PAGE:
South of the present boundary of Kendall County in LaSalle County, on Big Indian Creek, events of late May of 1832 moved towards the kind of bloody climax Kellogg and his frightened neighbors and friends predicted.

In 1830, William Davis and his family had moved to Illinois from West Virginia. With him had come his wife and six children. Davis settled on the north-northeast bank of Big Indian Creek in the southwest quarter of Section 2, Freedom Township (Township 35 north, Range 3 east), of LaSalle County. Davis and his family were among the first, if not actually the first, whites to settle on Big Indian Creek. Davis, a blacksmith, arrived on the creek in the spring of 1830, and built a cabin and a blacksmith shop. By 1832, he had completed a dam across the creek and a sawmill to service the settlers who were moving into the area along the Fox River.

A Potawatomi village was located about six miles upstream from Davis’s new dam and sawmill. The Indians living there depended on netting fish from the creek for a large proportion of their diet. Davis’s new dam cut off the upper portion of the creek from the fish in the Fox River, therefore damaging the spawning cycle of the fish, and cutting off a large portion of the Indians’ food supply.

When the Indians complained to Davis of this problem, they were contemptuously dismissed. Then in early May 1832, Davis caught Keewassee, a leading warrior from the Potawatomi village, trying to dismantle the dam. Davis severely beat the Indian, and Keewassee began plotting revenge against the white settlers.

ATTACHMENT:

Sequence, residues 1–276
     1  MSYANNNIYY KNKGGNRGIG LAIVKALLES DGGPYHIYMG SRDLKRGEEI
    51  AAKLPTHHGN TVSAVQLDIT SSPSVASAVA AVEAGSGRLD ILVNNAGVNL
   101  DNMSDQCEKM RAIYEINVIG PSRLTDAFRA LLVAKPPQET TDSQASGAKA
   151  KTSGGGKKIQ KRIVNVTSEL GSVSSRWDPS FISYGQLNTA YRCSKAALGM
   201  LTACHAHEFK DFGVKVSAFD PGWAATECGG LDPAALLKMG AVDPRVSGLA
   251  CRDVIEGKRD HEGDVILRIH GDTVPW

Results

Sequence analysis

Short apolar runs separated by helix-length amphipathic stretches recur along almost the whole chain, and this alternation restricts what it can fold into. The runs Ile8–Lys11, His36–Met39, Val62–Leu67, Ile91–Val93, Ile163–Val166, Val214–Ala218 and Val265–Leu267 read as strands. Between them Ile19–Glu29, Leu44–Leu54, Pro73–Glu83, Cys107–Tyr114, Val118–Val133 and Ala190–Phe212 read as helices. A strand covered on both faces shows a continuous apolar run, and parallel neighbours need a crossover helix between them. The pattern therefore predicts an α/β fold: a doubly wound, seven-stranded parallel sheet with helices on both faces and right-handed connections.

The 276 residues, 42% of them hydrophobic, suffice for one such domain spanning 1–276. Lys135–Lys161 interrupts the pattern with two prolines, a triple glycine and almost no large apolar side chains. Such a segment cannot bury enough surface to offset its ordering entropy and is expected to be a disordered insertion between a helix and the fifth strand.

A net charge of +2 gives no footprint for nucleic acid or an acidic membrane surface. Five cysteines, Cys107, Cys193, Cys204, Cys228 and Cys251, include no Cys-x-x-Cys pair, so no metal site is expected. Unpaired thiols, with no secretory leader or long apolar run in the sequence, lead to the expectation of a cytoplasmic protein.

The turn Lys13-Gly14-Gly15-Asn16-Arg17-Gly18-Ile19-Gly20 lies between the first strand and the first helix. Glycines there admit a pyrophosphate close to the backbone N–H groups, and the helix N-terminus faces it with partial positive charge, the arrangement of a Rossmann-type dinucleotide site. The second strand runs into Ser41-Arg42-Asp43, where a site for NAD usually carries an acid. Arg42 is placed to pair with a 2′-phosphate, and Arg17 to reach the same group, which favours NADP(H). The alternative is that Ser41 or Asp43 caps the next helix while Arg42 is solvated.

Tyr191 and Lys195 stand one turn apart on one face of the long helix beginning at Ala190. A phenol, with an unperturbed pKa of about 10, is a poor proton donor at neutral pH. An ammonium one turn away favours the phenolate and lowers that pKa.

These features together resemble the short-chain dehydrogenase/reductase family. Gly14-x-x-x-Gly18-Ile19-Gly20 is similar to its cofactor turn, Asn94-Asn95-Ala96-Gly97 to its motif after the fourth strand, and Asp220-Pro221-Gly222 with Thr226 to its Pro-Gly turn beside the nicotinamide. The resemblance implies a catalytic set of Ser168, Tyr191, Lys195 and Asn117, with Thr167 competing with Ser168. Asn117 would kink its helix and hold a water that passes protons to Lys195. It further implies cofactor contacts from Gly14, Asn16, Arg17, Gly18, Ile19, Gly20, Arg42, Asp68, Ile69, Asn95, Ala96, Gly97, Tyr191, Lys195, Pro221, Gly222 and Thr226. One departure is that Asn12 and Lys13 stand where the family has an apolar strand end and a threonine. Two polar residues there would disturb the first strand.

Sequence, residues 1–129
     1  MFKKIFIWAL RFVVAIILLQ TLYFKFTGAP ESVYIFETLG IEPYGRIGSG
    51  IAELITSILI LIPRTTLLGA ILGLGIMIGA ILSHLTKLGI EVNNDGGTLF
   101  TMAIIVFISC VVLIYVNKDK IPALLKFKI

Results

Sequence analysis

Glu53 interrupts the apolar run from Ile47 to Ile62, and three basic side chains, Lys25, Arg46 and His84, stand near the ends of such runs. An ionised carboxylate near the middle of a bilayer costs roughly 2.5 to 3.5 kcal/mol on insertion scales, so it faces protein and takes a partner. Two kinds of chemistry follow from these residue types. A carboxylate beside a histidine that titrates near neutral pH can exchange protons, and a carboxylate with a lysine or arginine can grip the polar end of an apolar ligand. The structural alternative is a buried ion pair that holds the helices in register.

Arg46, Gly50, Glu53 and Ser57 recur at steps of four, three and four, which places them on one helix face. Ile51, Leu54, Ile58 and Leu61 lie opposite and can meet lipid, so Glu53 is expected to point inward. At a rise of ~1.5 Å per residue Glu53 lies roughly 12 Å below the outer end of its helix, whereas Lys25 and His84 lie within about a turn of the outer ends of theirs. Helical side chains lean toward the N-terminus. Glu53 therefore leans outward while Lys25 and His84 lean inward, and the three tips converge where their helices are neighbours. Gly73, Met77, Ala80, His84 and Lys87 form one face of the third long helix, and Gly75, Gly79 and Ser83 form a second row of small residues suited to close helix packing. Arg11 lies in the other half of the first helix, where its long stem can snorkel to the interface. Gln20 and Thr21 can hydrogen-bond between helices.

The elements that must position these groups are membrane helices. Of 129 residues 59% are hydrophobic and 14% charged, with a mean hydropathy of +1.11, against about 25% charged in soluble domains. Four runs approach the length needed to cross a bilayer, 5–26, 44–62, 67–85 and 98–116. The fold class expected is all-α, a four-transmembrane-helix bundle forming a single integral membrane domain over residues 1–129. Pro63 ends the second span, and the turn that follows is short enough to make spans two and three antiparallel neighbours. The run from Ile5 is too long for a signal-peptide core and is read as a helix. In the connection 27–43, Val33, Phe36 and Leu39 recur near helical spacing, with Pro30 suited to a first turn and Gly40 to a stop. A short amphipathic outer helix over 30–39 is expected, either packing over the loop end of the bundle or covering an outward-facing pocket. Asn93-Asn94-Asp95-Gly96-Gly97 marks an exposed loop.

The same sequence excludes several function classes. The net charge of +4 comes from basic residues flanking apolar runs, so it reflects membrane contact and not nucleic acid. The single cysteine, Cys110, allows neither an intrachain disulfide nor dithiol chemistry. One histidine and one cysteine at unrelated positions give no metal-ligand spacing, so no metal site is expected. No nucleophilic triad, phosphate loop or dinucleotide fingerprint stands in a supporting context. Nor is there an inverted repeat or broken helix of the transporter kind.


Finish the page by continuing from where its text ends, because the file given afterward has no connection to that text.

As soon as word got around, about Stillman’s defeat, many private quarrels between Indians and whites violently broke into the open, including that between Keewassee and William Davis.

Several people, feeling there was safety in numbers, had gathered at the Davis claim for mutual defense. There was Davis, his wife, and his six children; Mr. and Mrs. William Hall and their six children; Mr. and Mrs. William Pettygrew and their two children; John H. Henderson; William Norris; and Henry George. Despite being strongly urged to take refuge at Ottawa where a fort was being constructed, the group fatally elected to stay at the Davis claim until the Indian trouble cleared up.

Late in the afternoon of May 21, most of the settlers were in or around the Davis cabin. Henderson and a number of the older boys, on the other hand, were working in the fields, while Norris was working in Davis’s blacksmith shop. At about 4:30 p.m., the settlers were shocked to see 20 Indians, painted for war and heavily armed, vault the fence about 10 yards from the house and run to attack the frightened whites.